5. setting up the treatment
The phone rang and I picked it up. It was the guy from NPR, I’ll call him “X.” He was friendly, warm, vulnerable, and he sounded completely sincere. He listened to my story and told me that, indeed, he had encountered plenty of folks with precisely my problem, and that they respond well to the worm. He told me about one guy who had become to reactive to things that he was reduced to eating only a synthetic powder. Now, a year after receiving the worm, he was eating normally.
“So, what’s the downside?” I asked.
X told me that it might not work. About 25% of folks are not helped by the therapy. Also, I might have a terrible reaction to the worm. He told me that I would experience a rash, itching, and might experience nausea, headaches, and a frightful litany of other, scarier reactions. But, he told me, while the rash and itching are experienced by everyone, the worse reactions are exceedingly rare. A certain subset of middle-aged women, mostly with fibromyalgia, have the worst time of it. Many of them are still helped by the treatment, but the introduction of the worm is a difficult time for them.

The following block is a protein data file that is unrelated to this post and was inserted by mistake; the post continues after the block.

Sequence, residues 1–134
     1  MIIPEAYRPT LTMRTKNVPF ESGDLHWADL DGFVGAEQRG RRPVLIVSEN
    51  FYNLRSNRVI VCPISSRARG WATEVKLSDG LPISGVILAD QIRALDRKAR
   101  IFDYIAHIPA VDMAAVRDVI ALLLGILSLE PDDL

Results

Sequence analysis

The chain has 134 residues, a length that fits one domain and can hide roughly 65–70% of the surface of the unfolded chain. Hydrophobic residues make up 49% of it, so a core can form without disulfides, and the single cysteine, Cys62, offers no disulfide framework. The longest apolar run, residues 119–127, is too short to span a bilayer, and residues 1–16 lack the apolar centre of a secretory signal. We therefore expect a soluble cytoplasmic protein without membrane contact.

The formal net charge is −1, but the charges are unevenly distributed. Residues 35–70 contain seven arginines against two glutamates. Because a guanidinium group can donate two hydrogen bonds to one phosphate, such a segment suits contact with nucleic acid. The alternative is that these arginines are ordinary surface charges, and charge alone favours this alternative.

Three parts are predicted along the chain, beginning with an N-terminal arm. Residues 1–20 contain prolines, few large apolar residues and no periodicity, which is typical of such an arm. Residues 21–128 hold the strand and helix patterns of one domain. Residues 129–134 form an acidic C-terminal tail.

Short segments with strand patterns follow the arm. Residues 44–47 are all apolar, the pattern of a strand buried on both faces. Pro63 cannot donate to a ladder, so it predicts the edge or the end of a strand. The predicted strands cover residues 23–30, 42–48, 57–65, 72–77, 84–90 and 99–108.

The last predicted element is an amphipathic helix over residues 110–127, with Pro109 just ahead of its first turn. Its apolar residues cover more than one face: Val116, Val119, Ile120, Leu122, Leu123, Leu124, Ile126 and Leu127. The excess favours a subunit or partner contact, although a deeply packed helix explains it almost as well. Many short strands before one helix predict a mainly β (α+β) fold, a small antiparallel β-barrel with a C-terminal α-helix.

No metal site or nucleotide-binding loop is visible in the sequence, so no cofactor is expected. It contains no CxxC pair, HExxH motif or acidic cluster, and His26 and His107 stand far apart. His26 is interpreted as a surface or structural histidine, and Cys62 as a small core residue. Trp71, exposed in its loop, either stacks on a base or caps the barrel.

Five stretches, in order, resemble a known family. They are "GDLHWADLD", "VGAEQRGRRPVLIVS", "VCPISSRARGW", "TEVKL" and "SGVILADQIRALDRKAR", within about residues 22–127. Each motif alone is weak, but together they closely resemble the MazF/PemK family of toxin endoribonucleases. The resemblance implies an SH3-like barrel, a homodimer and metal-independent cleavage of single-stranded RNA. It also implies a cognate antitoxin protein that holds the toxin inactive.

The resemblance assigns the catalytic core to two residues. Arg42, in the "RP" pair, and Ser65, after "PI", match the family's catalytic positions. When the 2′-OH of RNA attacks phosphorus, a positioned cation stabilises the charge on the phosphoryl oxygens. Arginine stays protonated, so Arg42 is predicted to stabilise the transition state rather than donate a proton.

He also said that they found that people who are taking 20mg. of prednisone experience no itching or rash, and actually have a hard time believing that they have been infected. I decided that was the way to go.
He told me the cost–$3,000. Not cheap, but the price wasn’t for a dose of worm, it was for 5 years of treatment. That means as many doses as it takes, constant monitoring of worm level, constant access to experts for questions and problems, etc. Not bad, when you consider it might just work. $3,000 to not be in constant pain every day? That’s a bargain. $3,000 to be able to eat bread, drink a glass of wine, take an advil when I have a headache?
Count me in.